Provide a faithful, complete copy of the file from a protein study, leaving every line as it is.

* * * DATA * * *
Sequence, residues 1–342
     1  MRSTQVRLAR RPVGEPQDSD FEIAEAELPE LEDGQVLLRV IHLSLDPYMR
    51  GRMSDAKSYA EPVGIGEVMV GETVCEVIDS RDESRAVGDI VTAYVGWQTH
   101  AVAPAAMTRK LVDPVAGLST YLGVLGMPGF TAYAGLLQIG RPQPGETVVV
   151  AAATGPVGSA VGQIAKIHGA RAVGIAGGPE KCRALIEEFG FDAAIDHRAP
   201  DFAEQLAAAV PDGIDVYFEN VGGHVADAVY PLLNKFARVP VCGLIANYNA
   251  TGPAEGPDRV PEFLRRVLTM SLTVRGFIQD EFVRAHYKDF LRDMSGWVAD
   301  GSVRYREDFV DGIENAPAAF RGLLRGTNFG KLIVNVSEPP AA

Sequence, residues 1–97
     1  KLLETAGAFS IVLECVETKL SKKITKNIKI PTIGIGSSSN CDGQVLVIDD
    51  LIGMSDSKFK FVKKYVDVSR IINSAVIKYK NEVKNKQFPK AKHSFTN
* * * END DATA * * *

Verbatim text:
Sequence, residues 1–342
     1  MRSTQVRLAR RPVGEPQDSD FEIAEAELPE LEDGQVLLRV IHLSLDPYMR
    51  GRMSDAKSYA EPVGIGEVMV GETVCEVIDS RDESRAVGDI VTAYVGWQTH
   101  AVAPAAMTRK LVDPVAGLST YLGVLGMPGF TAYAGLLQIG RPQPGETVVV
   151  AAATGPVGSA VGQIAKIHGA RAVGIAGGPE KCRALIEEFG FDAAIDHRAP
   201  DFAEQLAAAV PDGIDVYFEN VGGHVADAVY PLLNKFARVP VCGLIANYNA
   251  TGPAEGPDRV PEFLRRVLTM SLTVRGFIQD EFVRAHYKDF LRDMSGWVAD
   301  GSVRYREDFV DGIENAPAAF RGLLRGTNFG KLIVNVSEPP AA

Sequence, residues 1–97
     1  KLLETAGAFS IVLECVETKL SKKITKNIKI PTIGIGSSSN CDGQVLVIDD
    51  LIGMSDSKFK FVKKYVDVSR IINSAVIKYK NEVKNKQFPK AKHSFTN